For us

For us, Richard Nixon was major
He wanted to be remembered for
opening China to the West, for ending
the Vietnam war and thus achieving
“peace with honor” despite being the
cause of thousands of wretched, unnecessary
deaths—I thought he’d be remembered for

Each of us models the world

the shame of resigning the presidency,
for intoning to the American people
“I am not a crook”— Instead, he’s
not remembered at all—People
under age 35 have no idea who this
impassioned, lying, slippery (“Tricky Dickey”),
creepy, foul, revengeful, politician was

Her love is a crystal in his life

She thought she’d grift the feeble,
sick, thin old man—She’d convince
him to change his “estate plan”—She
figured he’d be good for a million or
two—But she found him protected
by those who truly loved him, so
she reluctantly withdrew

Animals in the jungle happily die before they’re feeble

Dad loved that stately Olivetti manual
typewriter—It came to me after he
died—It was sleek and kind of slow
Manual typewriters are slow—
You won’t find new parts for it now
The anesthesiologist “ferried her mind
off to the hinterlands”

Dad died and left my mom alone to raise four boys

She was so frightened—
She was a few months from surgery
for a brain tumor and how she wanted
to live—“I remember you and Merci”
she said, telling me of her trouble—Me
and Marcia had, of course, broken up—It
was cancer and she hoped they got all of it

Do the sweeter moments of life always

When I was younger, to have the New
York Times delivered to your door,
to get an American Express card, meant
you were fully an adult—I had a friend then,
Kevin, who actually did suffer fools gladly
He was patient with them and really
seemed to enjoy their company

devolve into a whirlwind of heartache?

“Because that’s what I charge” said my dentist
when I asked him why he charges so much
Now the guy is good but for ordinary stuff, like
teeth cleaning or fillings you don’t go to him, he
charges too much—For the complicated stuff like
implants, bridges, crowns and root canal, he’s your
man—thorough, creative, concerned and skillful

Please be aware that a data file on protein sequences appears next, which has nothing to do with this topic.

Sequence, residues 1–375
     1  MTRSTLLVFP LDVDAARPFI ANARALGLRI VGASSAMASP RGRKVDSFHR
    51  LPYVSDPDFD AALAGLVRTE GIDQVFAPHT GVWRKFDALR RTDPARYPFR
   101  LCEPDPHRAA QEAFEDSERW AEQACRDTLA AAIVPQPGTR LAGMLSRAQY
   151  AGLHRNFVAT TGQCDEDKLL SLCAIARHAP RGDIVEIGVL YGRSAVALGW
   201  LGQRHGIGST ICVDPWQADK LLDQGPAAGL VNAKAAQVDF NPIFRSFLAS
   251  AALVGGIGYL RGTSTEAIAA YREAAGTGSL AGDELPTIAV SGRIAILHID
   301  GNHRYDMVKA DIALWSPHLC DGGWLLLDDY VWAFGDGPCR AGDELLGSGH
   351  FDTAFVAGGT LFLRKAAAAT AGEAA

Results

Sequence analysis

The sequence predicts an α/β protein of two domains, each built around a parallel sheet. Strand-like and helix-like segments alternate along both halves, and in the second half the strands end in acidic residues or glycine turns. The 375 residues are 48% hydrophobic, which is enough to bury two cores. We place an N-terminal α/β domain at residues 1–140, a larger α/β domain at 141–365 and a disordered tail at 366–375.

Are you old, unsteady and invisible now?

Said the forcibly retired talk show host
“If people stop looking at me, I won’t
have to worry about how I look, about
my getting old, about this double chin”
My own cancer diagnosis didn’t faze me
because I didn’t really accept it and I
knew the surgeons would get every bit of it 

So buoyant through the end of my times

-June 26, 2021-

Is the Pope

“Is the Pope Catholic? Does a bear
shit in the woods? Does a mush,
room?” So Matt would ask when
he was sure of something obvious and
thought you should be sure of it too
His life was often one of pain and
despair behind a façade of laughter

Love’s first in ourselves

The knife, so sharp, was strapped
to his leg and he said in that tough
neighborhood they could tell if you
were armed, maybe just by the way
you walked—And they’d leave him
alone, even though he was “screwing
the hottest lady on the block”

You couldn’t blame him, he wasn’t well

It meant something to me when I gave
her a pearl necklace—It didn’t mean
much to her—My parents lightly
scoffed at Unitarians—“They don’t
believe but they want to belong” Later,
Howard joined a similar church where
the flowers we held symbolized loss

Their god, whatever it is, is mysterious

Handel supposedly said, when accused of
outrageous plagiarism, “That pig didn’t
know what to do with such a tune”
A squirrel was sitting on his two hind
legs doing nothing and seemed to enjoy this
fine spring day, just like me, a damned old
fool who first sits still and then quietly sings

My mother prized her fine pearl necklace

A friend of mine, a fellow lawyer, visited when
one of my children was a toddler and the other
was newly born—He brought the newborn a gift
and nothing for the toddler who was quite upset
and boy, was I annoyed, “We’ll bring you something
the next time, buddy” He’s the one who, with his wife
(also a lawyer), built this large suburban house

“We don’t give up on our people,

on a hill and insisted on painting it bright
purplish pink and couldn’t understand why
his neighbors didn’t like it “It looks so
beautiful!!!”—I stumbled and fell
Did anyone stop to help? No
Did anyone laugh at me?  No
Did they even see me fall? 

we don’t stop loving them,  

The birds fought the other day
“Screech, Screech, Screech, and Caw”
I don’t know what they said because I
don’t speak bird—I woke up at 4:45 a.m.
and thought “Oh good, more time to sleep”
Bent over, with a dirty facemask on, she
angrily throws an empty can into the gutter   

not even when they’re burning”

She likes hurting people and instigates violence
She’s weak and scared and she knows it
Violence makes her look strong, she thinks
She loves anal sex for the pain of it
“I’m excited, I’m so excited”
Sometimes this is a cruel,
unjust, strange and unfair world

A thinker and a searcher and a wandering soul   

-June 12, 2021-

His quickness

He’d write out his prediction of
our decision and put it in that drawer
there in an envelope—After months of